As a heavy VR touch control user and veteran of Resident Evil, I feel like I trained my whole life for this. Getting into VR and replaying the base of RE4 was like riding a bike, from discerning which treasures to keep/sell to what weapons to use, to dealing with individual enemies and bosses. Yet, everything felt fresh because of the way VR presents everything (the QTEs are still roughly the same, with trigger pressing and waggling in tow, but are so sparing they don’t ruin the game — plus there’s a toggle for more comfort with them).

The first thing I noticed was that using the knife was so much easier, because it’s always there on your chest. This is the sort of thing I mean when it changed up how I played Resident Evil 4, as knife runs are suddenly a more enticing prospect when you have complete control. The only hang-up is that when punching out windows (or locked cabinet doors), I wanted to physically punch them, but had to use the knife like the original. Following the rules of the original makes perfect sense in context.

Review: Resident Evil 4 3

So the remake elements as a whole are very slight. Ashley takes less damage now on easy and normal, which is a change most people are not going to quarrel with. Puzzles, chests, and cranks are essentially the same, as you know have a VR space to work with as you move around tiles, physically press buttons, or open a handle. Again, it’s genius to go with a more purist approach to this, as the VR control method is the main thing that sells itself, which works very well in tandem with the strong framework and personality-driven environments of the original.

But it was more than nostalgia driving me to keep playing on a constant basis. It’s really hard to explain the feeling of looking down on the gondola area or looking up at the castle and taking it all in with a full head tracking view. Even with the older visual style, they look absolutely stunning: a testament to how well the game has held up after all this time.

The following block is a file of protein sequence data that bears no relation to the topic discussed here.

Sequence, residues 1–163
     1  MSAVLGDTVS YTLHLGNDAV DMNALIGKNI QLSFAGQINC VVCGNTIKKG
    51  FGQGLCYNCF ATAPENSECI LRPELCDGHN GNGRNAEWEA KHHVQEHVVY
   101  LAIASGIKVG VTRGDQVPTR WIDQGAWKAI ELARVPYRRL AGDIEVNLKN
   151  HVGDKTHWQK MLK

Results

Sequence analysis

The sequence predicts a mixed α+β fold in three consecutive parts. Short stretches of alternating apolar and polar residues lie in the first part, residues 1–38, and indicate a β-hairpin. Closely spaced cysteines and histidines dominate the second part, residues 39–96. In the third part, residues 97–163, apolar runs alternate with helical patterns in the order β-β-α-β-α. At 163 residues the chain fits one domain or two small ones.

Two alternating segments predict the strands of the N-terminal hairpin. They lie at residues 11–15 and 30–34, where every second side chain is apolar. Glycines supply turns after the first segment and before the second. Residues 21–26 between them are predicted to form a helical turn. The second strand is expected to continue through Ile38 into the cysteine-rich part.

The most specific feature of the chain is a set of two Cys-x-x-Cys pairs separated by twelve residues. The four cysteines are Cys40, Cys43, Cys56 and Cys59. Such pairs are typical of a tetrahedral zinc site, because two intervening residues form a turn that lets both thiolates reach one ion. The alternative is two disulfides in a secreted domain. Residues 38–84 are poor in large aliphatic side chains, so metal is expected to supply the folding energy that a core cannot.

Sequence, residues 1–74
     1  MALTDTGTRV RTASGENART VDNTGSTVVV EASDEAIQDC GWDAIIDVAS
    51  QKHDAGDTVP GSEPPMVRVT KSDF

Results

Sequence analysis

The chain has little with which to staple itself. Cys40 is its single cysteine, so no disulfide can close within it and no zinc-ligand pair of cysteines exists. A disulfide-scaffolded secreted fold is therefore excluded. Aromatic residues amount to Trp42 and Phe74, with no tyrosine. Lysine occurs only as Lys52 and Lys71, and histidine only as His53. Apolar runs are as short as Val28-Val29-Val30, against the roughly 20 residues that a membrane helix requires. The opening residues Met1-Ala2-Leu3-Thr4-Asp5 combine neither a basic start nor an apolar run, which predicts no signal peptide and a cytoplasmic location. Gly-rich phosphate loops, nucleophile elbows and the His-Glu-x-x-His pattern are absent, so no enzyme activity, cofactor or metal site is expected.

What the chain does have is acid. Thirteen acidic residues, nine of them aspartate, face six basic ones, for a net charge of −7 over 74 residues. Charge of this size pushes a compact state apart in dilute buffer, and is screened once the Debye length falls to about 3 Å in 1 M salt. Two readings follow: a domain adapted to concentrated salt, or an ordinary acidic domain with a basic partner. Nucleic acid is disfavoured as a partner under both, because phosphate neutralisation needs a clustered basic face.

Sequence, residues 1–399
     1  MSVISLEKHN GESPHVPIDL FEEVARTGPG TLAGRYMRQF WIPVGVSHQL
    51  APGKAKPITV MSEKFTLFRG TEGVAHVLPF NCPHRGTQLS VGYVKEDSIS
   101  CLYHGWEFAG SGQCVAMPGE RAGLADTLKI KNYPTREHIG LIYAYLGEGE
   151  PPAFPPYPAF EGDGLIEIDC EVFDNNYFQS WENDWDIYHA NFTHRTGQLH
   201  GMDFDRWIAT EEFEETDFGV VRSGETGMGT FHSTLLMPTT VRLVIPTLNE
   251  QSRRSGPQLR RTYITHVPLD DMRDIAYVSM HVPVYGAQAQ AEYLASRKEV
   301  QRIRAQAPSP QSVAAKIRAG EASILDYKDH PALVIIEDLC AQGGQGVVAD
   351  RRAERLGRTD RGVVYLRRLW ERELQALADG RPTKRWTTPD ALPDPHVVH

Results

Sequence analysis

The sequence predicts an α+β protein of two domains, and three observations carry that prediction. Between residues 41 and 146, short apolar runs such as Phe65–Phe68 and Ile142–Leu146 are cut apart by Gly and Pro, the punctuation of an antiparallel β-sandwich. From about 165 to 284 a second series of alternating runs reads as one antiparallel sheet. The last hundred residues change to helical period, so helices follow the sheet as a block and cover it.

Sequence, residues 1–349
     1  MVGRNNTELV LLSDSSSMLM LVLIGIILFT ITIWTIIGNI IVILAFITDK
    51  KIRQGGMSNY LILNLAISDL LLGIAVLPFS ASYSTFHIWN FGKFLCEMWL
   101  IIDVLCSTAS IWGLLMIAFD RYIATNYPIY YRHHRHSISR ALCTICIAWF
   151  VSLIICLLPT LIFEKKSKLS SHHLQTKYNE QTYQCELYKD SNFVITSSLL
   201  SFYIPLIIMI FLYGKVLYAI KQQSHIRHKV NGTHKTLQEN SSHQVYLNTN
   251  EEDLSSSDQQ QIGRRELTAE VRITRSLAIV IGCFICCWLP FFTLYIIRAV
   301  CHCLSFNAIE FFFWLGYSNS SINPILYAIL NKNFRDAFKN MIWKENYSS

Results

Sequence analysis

While Resident Evil 4 isn’t strictly scary, and led the series down the path of action, it is occasionally unsettling, and definitely freaky. Imagine hearing this ominously, with spatial audio, completely isolated. Or turning around and seeing a chainsaw-wielding maniac right in your face. I’m not ashamed to admit I screamed obscenities several times (a wolf jumping right at my face after turning my head around while running forward, and the aforementioned Regenerator pop-up).

Getting stared down by a creature in a hallway is much more intense. While the reaction in a prior version may have been a binary fight or flight, it’s a bit more nuanced now. Sometimes I’m actually paralyzed with a decision point in real-time because of the imposing figure of a character model or the sound they make. It’s the power of VR in action, and something the industry has done a really bad job on selling all these years.

After I finished normal, I unlocked the professional mode difficulty, the ability to purchase the Matilda and infinite rocket launcher items, and the first set of extra costumes (casual and police). I know what you’re thinking here: there is no Assignment Ada/Separate Ways/or Mercenaries. Nor can you get, in my experience, the unlockables related to those. Ouch! I can hear the boos at the screen now.

Review: Resident Evil 4 4

I’m not going to lie, it’s a disappointment. Resident Evil 4 has fantastic side modes, and evolved mercenaries into a fully-fledged game and mode for future iterations beyond what the series had done with it in the past. With all of the side content intact, I would have given this VR port a 10. Of note, the merchant shooting range minigame, both in-world and via menus, is still intact.

Still, you’re getting the entire campaign, and that’s an important thing to circle back on. You know how the Wii version came out, and pointer use changed the way you played an already fantastic game? It’s like that all over again, but on a bigger scale. At this point I want all of the Resident Evil games to get this treatment. Hell, bring Dino Crisis back like this, so I can look backward and see a T-Rex running at me while hoofing it. Port Onimusha and add real-time swordplay. The sky is the limit!

[This review is based on a retail build of the game provided by the publisher.]

A hallmark of excellence. There may be flaws, but they are negligible and won't cause massive damage.

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Chris Carter
Managing Editor - Chris has been enjoying Destructoid avidly since 2008. He finally decided to take the next step in January of 2009 blogging on the site. Now, he's staff!